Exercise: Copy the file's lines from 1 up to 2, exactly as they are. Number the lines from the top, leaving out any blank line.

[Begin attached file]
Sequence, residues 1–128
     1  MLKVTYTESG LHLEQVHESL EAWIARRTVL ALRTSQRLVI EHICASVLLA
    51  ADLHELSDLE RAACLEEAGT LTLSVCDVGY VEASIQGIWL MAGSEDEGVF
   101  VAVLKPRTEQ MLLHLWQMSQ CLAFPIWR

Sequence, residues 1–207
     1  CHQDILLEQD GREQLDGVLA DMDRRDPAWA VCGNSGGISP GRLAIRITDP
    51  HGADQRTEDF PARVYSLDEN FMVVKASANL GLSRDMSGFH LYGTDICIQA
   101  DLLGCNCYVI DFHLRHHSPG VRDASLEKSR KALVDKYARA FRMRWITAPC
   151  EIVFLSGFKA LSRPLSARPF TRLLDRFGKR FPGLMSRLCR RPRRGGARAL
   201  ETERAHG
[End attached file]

Sequence, residues 1–128
     1  MLKVTYTESG LHLEQVHESL EAWIARRTVL ALRTSQRLVI EHICASVLLA